The third Sell prong considers the necessity of the involuntary medication. The question here is whether there are any alternative, less intrusive treatments likely to achieve substantially the same results. Sell, 539 U.S. at 181. For example, the Court must consider whether "a court order to the defendant backed by the contempt power, before considering more intrusive methods." Id. Similarly, the court may consider if non-drug therapies, such a counseling, would achieve substantially the same results as the medication. None of these options are applicable here.
4. Medical Appropriateness of the Treatment
The final Sell factor considers whether administration of the drugs is medically appropriate. This factor addresses whether the treatment is in the patient's best medical interest in light of his medical condition. Sell, 539 U.S. at 181. The Sell Court noted that "[t]he specific kinds of drugs at issue may matter here as elsewhere. Different kinds of antipsychotic drugs may produce different side effects and enjoy different levels of success." Id. The Schloming court also noted the difficulty in determining whether involuntary administration of antipsychotic drugs was in the patient's best interest. The court noted that, objectively, administration would be in the defendant's best interest, as it would improve his condition. Schloming, 2006 WL 1320078 at *9. However, subjectively, the Schloming court noted that the Defendant did not want to be medicated. Id. "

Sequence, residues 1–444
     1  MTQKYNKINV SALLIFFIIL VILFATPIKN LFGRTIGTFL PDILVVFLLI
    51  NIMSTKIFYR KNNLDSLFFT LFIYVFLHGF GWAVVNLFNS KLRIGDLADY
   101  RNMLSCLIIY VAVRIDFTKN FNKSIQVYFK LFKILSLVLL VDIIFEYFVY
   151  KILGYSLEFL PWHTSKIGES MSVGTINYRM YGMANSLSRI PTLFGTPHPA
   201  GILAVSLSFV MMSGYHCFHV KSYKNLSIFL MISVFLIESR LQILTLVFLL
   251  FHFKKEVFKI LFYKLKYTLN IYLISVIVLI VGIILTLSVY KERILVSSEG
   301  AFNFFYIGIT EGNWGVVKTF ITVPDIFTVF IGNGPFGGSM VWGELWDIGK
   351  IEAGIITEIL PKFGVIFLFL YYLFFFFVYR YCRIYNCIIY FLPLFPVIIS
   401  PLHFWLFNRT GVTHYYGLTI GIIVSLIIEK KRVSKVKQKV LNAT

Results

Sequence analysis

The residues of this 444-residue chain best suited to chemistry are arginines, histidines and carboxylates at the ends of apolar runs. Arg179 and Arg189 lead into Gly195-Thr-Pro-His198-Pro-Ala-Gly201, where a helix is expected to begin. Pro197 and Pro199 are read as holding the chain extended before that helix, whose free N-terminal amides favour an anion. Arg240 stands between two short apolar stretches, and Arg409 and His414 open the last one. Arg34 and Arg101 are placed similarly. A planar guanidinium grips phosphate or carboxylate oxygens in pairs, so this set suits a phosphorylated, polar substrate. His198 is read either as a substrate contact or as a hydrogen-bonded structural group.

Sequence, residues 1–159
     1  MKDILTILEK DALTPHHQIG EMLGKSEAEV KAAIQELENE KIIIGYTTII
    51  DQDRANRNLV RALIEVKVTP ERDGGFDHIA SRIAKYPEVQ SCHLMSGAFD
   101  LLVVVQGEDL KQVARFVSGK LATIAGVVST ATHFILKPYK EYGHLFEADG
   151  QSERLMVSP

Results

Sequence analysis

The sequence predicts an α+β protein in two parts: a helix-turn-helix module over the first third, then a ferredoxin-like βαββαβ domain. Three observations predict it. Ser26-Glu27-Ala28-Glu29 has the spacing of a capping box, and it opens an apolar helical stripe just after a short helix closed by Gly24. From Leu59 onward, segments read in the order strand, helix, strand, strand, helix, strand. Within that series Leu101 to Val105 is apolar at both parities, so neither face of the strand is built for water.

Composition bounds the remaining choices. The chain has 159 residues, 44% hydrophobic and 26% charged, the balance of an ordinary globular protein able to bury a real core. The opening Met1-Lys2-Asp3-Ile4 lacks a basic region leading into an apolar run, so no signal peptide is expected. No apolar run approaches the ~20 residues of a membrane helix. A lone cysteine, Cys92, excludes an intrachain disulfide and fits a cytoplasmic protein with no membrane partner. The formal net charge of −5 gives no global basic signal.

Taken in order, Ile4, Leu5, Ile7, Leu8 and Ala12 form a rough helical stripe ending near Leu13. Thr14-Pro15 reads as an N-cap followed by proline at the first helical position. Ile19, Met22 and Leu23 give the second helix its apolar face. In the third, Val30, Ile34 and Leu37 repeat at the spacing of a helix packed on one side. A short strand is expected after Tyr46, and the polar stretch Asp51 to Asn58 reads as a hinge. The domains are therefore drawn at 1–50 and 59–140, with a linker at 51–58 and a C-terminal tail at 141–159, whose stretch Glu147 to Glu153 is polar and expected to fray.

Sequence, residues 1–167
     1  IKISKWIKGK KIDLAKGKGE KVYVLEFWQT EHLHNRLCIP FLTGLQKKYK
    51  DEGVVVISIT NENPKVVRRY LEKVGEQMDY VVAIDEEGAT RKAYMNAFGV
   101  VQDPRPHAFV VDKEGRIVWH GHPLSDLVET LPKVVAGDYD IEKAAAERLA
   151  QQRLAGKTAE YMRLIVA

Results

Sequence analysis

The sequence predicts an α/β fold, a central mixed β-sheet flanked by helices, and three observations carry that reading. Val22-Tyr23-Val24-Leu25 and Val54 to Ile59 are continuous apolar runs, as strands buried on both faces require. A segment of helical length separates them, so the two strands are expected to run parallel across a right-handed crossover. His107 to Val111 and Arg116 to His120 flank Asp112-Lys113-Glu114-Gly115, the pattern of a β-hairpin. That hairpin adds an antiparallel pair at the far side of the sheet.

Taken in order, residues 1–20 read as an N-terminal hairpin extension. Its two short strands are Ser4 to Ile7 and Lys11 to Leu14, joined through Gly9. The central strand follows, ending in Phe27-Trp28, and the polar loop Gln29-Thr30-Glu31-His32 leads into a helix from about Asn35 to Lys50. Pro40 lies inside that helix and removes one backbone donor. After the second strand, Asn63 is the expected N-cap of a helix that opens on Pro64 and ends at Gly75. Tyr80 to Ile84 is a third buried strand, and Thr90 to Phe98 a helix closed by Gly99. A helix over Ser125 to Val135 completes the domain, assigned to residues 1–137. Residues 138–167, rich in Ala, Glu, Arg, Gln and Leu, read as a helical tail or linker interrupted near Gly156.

The question of whether the medication of an individual who does not wish to be medicated is a tortured one. This Court has laid witness to the ravages of the Defendant's diseased mind. It is saddening to know what he was, what he has become, and what he could be if he agreed to take the medication prescribed. It is, however, equally saddening to envision him forcibly medicated and potentially suffer significant side effects from said mediation, medication he did not want nor voluntarily ingested. Therein lies the conundrum. If the Defendant were not mentally ill, would he agree to take the medication? If he is not medicated, how will we know?